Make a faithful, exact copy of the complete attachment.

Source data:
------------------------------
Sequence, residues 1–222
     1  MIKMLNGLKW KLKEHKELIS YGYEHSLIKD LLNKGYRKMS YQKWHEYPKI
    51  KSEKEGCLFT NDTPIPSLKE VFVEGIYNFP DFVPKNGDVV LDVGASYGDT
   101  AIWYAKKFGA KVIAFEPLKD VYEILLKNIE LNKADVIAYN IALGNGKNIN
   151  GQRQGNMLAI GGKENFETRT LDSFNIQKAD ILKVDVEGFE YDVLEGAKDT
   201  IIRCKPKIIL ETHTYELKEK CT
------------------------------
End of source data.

Sequence, residues 1–222
     1  MIKMLNGLKW KLKEHKELIS YGYEHSLIKD LLNKGYRKMS YQKWHEYPKI
    51  KSEKEGCLFT NDTPIPSLKE VFVEGIYNFP DFVPKNGDVV LDVGASYGDT
   101  AIWYAKKFGA KVIAFEPLKD VYEILLKNIE LNKADVIAYN IALGNGKNIN
   151  GQRQGNMLAI GGKENFETRT LDSFNIQKAD ILKVDVEGFE YDVLEGAKDT
   201  IIRCKPKIIL ETHTYELKEK CT